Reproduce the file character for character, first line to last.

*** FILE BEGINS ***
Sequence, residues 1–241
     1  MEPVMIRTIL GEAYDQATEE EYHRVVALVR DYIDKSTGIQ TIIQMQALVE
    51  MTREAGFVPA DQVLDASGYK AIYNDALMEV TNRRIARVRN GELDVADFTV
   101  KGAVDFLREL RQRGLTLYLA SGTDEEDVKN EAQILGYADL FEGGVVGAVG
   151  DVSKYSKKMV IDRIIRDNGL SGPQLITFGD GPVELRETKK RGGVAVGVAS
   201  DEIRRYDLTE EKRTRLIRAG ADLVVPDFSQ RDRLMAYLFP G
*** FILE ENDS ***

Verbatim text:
Sequence, residues 1–241
     1  MEPVMIRTIL GEAYDQATEE EYHRVVALVR DYIDKSTGIQ TIIQMQALVE
    51  MTREAGFVPA DQVLDASGYK AIYNDALMEV TNRRIARVRN GELDVADFTV
   101  KGAVDFLREL RQRGLTLYLA SGTDEEDVKN EAQILGYADL FEGGVVGAVG
   151  DVSKYSKKMV IDRIIRDNGL SGPQLITFGD GPVELRETKK RGGVAVGVAS
   201  DEIRRYDLTE EKRTRLIRAG ADLVVPDFSQ RDRLMAYLFP G